Levels of iron in brain linked to better cognitive function
The study, published in the Journal of Neuroscience, was led by researchers from the University of Pennsylvania. The results suggest iron in brain tissue may play a role in improving cognition in adolescents and young adults with neurodegenerative diseases.
The study examined the magnetic resonance imaging (MRI) scans of over 1,500 participants, ranging in ages 8 to 24 years old. The researchers analyzed brain iron levels through the brain scans, focusing on the basal ganglia, the part of the brain that is responsible for motor control.
Researchers from the University of Pennsylvania found that brain iron levels in the basal ganglia steadily increase throughout development and, in two subregions, continue to increase into adulthood. The study also found that decreased brain iron in one subregion was correlated with impaired performance on cognitive tasks involving reasoning and spatial processing. The findings imply that iron is necessary to achieve healthy cognitive development.
“Atypical iron concentration in the basal ganglia is associated with neurodegenerative disorders in aging and cognitive deficits,” the findings stated. “However, the normative development of brain iron concentration in adolescence and its relationship to cognition are less well understood.”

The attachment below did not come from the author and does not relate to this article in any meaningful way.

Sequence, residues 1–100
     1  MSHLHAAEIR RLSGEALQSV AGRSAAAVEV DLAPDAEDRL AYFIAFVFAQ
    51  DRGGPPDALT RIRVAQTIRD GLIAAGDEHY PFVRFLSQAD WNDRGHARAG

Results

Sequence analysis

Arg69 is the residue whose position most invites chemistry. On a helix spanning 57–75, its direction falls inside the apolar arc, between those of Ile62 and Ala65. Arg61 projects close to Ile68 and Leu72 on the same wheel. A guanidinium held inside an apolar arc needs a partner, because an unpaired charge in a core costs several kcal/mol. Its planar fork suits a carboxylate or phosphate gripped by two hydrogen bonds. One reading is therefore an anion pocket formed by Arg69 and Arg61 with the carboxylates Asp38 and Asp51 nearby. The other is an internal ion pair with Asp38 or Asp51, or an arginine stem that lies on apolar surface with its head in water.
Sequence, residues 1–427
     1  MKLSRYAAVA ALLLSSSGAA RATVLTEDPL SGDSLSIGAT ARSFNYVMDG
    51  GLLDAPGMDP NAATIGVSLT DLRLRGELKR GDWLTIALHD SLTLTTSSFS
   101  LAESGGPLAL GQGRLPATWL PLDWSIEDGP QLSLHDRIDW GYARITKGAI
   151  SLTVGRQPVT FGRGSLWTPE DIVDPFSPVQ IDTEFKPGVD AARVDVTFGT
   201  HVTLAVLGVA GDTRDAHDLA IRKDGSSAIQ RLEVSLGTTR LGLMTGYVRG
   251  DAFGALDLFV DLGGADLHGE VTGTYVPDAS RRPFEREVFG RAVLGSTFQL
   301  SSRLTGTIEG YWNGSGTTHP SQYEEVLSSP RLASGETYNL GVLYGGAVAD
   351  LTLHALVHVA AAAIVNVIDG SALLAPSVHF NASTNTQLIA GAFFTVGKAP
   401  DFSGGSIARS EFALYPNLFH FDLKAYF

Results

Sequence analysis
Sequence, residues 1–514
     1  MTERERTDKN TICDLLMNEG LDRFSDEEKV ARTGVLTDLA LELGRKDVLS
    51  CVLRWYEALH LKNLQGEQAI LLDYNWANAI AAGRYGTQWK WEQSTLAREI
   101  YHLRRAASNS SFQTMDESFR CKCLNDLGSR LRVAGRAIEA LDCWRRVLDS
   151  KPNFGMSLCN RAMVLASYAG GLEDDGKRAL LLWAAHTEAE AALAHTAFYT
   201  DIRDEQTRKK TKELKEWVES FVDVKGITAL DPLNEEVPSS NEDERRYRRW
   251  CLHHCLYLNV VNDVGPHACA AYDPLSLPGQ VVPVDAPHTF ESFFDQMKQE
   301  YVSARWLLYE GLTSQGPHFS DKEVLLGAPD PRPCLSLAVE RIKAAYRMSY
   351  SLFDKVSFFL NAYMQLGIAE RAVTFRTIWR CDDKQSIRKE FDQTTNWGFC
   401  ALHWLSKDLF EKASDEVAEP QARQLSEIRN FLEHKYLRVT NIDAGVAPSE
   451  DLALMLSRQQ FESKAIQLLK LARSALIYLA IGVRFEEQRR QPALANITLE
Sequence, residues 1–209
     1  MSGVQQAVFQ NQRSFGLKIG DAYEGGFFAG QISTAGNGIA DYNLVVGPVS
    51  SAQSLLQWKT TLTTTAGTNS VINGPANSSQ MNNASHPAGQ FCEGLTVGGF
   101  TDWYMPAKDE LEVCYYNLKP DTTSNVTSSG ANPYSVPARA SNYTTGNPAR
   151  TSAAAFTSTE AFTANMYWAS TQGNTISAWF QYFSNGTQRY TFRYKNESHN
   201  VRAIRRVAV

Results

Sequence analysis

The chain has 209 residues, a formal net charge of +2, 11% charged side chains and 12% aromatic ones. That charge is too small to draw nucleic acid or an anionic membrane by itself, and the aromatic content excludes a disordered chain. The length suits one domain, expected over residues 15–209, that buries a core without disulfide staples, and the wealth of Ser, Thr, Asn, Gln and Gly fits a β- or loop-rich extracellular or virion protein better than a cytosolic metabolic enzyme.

While low iron in the basal ganglia during early life is linked to cognitive impairment, researchers aren’t sure how iron levels change during development.
More studies needed
Further studies could lead to iron supplementation as an intervention for atypical cognitive development as an option down the road.
Bart Larsen, one of the authors of the study, said that further studies are needed to assess the longitudinal influence of iron on cognitive activity and brain development, adding “It was established that iron supplements improve the cognitive performance of adolescents with a deficiency of the element."
The authors said that the results highlight the transition from adolescence to adulthood as a period of dynamic maturation of tissue iron concentration in the basal ganglia.
The researchers conclude, “Together, our results suggest a prolonged period of basal ganglia iron enrichment that extends into the mid-twenties, with diminished iron concentration associated with poorer cognitive ability during late adolescence.”
Current Recommended Dietary Allowance (RDA) for iron, according to the National Institutes of Health:
Source: Journal of Neuroscience
27 January 2020, 2434-19; DOI: doi.org/10.1523/JNEUROSCI.2434-19.2020
“Longitudinal development of brain iron is linked to cognition in youth”
Authors: B. Larsen, et al